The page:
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Journal of Obesity
Volume 2013 (2013), Article ID 204094, 4 pages
Review Article

Does Adipose Tissue Thermogenesis Play a Role in Metabolic Health?

1Metabolism Unit, Shriners Hospitals for Children, Department of Surgery, University of Texas Medical Branch, Galveston, TX 77550, USA
2Department of Surgery, University of Texas Medical Branch, Galveston, TX 77550, USA
3Department of Internal Medicine, Sealy Center on Aging, Institute for Translational Sciences, University of Texas Medical Branch, Galveston, TX 77550, USA
4Department of Nutrition and Dietetics, Harokopio University, Athens, Greece

Received 16 February 2013; Accepted 28 March 2013

Academic Editor: Manisha S. Chandalia

Copyright © 2013 Craig Porter et al. This is an open access article distributed under the Creative Commons Attribution License, which permits unrestricted use, distribution, and reproduction in any medium, provided the original work is properly cited.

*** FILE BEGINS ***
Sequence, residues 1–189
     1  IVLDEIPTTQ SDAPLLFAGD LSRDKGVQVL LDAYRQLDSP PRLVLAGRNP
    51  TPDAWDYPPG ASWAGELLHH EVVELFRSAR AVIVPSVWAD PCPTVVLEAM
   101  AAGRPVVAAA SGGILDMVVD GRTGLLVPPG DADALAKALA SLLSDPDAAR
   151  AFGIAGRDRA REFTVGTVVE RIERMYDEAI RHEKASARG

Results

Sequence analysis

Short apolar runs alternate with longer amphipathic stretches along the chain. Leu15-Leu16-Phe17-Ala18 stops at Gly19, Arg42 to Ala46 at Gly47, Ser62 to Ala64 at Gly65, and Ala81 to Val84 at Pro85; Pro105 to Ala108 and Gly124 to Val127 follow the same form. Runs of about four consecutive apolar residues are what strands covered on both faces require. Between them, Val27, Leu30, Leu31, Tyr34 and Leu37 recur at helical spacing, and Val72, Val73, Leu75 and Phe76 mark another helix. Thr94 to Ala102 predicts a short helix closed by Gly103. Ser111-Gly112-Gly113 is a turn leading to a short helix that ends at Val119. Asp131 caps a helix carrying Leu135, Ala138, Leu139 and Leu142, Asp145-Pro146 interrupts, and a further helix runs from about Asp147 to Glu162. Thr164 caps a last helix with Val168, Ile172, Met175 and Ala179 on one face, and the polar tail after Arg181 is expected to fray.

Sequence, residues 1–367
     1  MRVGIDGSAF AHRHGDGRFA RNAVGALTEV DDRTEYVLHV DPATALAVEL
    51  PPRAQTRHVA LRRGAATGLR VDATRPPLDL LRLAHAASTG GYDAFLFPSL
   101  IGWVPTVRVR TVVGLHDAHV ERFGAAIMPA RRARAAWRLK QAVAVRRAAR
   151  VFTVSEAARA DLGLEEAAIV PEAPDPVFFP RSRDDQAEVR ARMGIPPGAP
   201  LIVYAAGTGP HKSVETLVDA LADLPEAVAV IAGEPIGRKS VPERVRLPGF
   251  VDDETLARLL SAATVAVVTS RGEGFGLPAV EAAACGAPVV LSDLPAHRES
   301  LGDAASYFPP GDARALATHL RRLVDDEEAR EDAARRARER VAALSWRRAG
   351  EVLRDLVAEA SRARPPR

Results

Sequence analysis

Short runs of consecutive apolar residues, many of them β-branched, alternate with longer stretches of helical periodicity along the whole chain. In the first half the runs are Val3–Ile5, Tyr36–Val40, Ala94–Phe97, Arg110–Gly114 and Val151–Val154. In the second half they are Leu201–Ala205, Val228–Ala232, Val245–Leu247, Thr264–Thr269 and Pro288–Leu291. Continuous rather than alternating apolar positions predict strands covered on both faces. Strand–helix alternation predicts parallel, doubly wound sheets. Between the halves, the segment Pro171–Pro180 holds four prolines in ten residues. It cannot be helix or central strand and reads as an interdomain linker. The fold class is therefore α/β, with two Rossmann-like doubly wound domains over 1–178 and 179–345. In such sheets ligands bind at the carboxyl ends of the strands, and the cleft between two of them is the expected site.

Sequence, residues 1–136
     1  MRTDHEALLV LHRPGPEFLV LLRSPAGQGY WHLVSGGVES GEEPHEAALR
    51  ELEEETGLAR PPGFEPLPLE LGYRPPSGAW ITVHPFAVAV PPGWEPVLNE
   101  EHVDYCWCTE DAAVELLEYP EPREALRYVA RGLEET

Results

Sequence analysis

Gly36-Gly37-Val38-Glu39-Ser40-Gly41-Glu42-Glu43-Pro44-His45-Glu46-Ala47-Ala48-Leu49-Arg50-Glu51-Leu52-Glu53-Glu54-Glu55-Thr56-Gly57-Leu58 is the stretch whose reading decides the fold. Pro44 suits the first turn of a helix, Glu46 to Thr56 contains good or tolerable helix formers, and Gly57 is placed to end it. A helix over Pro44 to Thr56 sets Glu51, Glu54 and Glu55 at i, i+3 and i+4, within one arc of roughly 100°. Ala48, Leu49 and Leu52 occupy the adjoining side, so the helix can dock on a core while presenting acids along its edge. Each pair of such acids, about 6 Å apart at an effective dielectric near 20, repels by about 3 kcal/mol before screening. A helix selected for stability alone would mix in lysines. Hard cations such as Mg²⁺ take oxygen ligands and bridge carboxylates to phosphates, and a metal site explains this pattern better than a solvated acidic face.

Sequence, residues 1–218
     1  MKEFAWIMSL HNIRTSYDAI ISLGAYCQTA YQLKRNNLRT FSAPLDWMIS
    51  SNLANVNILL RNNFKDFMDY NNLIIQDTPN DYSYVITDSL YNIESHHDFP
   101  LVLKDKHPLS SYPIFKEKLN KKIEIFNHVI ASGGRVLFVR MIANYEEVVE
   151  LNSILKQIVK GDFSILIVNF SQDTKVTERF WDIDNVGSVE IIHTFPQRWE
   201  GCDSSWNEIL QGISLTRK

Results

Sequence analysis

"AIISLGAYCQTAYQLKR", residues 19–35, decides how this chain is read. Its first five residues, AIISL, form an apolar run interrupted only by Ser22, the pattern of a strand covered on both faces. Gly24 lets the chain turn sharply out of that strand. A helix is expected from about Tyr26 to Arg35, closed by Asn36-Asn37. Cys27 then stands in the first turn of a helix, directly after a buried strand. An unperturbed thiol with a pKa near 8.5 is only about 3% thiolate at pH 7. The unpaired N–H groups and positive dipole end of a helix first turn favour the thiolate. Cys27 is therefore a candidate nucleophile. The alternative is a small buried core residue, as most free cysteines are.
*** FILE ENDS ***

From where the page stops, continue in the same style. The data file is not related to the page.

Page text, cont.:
The function ascribed to brown adipose tissue in humans has long been confined to thermoregulation in neonates, where this thermogenic capacity was thought lost with maturation. Recently, brown adipose tissue depots have been identified in adult humans. The significant oxidative capacity of brown adipocytes and the ability of their mitochondria to respire independently of ATP production, has led to renewed interest in the role that these adipocytes play in human energy metabolism. In our view, there is a need for robust physiological studies determining the relationship between molecular signatures of brown adipose tissue, adipose tissue mitochondrial function, and whole body energy metabolism, in order to elucidate the significance of thermogenic adipose tissue in humans. Until such information is available, the role of thermogenic adipose tissue in human metabolism and the potential that these adipocytes may prevent or treat obesity and metabolic diseases in humans will remain unknown. In this article, we summarize the recent literature pertaining to brown adipose tissue function with the aims of drawing the readers’ attention to the lack of data concerning the role of brown adipocytes in human physiology, and to the potential limitations of current research strategies.